A Brief History…

Whilst the exact date of foundation remains unknown, there is evidence of teaching at The University of Oxford as early as 1096, making it the second oldest university in the world. After a local dispute, some academics fled Oxford to the Northeast city of Cambridge, founding the second of the two ancient universities in 1209, and the third oldest in the world. In the following centuries, Oxford and Cambridge would go on to establish their status as global centres of learning. Initially focussing primarily on the teaching of Divinity, Oxford and Cambridge have gradually embraced a myriad of new disciplines and subject areas. Today, students can be seen reading books on topics as varied as Chinese architecture to organic chemistry.

  • The College System

    Both Oxford and Cambridge are comprised of a collection of colleges, each a self-governing institution, complete with endowments, property and resources. All students and nearly all academics are affiliated to a college, which provides welfare, teaching, accommodation and social benefits, among other things. Oxford is home to 38 colleges, whilst Cambridge has 31. Three of Cambridge’s colleges (Murray Edwards, Newnham and Lucy Cavendish) admit women only, whilst all other Oxbridge colleges are mixed sex. Colleges are not required to admit students for every subject, and indeed there are certain subjects that not all colleges will offer.

    One of the major benefits of the college system is that it is a microcosm of the university as a whole, complete with its own amenities, extracurricular societies and accommodation. To be a part of a college is to be a part of a community of peers, and when compared to the rather anonymous halls of residences found at most other universities, this sense of shared adventure and academic purpose really marks out the Oxbridge experience.

  • Teaching

    In addition to colleges, both universities arae made up of several faculties, who coordinate the syllabus and teaching for each course. The structure of learning means that students will receive lectures, seminars and (for science students) labs run by their faculty. During these sessions they will sit in a university lecture theatres and seminar rooms, alongside students from other colleges. They will then receive tutorials/supervisions within their college.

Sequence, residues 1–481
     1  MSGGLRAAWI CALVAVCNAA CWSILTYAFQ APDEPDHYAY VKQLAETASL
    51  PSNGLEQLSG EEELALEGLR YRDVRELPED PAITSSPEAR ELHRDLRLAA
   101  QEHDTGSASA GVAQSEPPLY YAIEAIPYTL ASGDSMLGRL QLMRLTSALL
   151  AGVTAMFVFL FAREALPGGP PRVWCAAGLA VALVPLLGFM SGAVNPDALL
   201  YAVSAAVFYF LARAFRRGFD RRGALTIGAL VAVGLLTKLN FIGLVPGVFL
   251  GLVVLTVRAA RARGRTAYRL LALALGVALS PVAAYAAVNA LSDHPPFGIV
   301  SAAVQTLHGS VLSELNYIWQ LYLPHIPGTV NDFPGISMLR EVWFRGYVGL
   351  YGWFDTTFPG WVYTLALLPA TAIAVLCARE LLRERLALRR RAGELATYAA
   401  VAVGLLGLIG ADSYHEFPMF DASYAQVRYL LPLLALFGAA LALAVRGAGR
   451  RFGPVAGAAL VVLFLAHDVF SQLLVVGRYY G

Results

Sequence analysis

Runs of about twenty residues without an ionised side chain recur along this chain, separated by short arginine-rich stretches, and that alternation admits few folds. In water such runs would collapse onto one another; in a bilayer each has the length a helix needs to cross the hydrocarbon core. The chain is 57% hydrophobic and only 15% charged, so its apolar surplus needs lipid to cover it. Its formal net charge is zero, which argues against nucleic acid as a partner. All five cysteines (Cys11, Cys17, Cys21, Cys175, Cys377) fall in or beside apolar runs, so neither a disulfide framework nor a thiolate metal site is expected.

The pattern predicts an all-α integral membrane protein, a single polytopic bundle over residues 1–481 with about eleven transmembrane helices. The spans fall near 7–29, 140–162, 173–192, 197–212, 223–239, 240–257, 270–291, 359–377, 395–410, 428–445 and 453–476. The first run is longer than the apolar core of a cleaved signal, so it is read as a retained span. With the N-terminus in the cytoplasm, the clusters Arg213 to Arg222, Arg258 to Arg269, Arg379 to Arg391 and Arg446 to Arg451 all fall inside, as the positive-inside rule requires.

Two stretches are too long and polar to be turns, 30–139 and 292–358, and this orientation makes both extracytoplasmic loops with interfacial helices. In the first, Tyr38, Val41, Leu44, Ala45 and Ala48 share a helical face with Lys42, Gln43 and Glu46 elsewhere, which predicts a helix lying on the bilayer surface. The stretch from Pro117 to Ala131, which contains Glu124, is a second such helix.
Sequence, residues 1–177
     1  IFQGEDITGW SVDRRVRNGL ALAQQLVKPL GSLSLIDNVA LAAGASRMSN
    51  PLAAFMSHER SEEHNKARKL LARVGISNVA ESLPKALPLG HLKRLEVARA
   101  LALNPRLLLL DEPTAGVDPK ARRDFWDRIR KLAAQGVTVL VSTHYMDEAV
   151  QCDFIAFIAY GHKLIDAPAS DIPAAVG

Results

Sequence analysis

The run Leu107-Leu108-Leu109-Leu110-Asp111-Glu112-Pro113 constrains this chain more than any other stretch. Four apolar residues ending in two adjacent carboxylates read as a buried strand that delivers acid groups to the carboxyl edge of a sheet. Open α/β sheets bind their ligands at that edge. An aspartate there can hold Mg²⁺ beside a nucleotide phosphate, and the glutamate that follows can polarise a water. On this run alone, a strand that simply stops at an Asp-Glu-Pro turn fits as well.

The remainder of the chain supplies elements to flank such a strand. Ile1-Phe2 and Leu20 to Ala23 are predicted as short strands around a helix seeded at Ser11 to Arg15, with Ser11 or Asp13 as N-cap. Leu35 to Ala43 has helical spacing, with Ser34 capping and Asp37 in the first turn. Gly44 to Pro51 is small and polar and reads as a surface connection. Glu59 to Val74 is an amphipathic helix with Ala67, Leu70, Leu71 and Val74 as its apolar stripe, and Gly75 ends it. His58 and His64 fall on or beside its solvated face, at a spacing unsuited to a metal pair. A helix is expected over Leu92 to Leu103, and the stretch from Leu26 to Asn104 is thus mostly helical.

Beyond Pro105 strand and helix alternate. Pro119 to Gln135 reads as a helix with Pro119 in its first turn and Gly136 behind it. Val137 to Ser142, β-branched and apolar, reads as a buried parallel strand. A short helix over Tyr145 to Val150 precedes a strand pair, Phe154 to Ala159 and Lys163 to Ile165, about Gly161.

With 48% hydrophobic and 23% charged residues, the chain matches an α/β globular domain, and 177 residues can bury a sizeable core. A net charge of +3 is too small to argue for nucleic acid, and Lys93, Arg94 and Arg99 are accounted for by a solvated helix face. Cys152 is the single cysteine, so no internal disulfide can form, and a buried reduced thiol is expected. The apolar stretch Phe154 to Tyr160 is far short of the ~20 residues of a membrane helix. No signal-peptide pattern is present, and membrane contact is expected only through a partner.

Tutorials (Oxford) and Supervisions (Cambridge) are what make Oxbridge so sought after. They consist of small group discussion (sometimes this can be one-to-one), with a college academic. In the first year of undergraduate study, these sessions generally take place several times a week with academics of students home colleges. However, in second and third year, as the course of study becomes more specialised, these sessions may take place at other colleges. What makes tutorials and supervisions so special is the level of personal, bespoke attention you receive from a highly qualified, world-leading expert in your chosen field. At no other university do you have such ready access to the world’s finest minds, and this is largely why the Oxbridge application process is so competitive.

  • Extra-curricular

    Besides the unrivalled teaching system, Oxford and Cambridge also offer an excellent range of extra-curricular societies and activities.

    Sport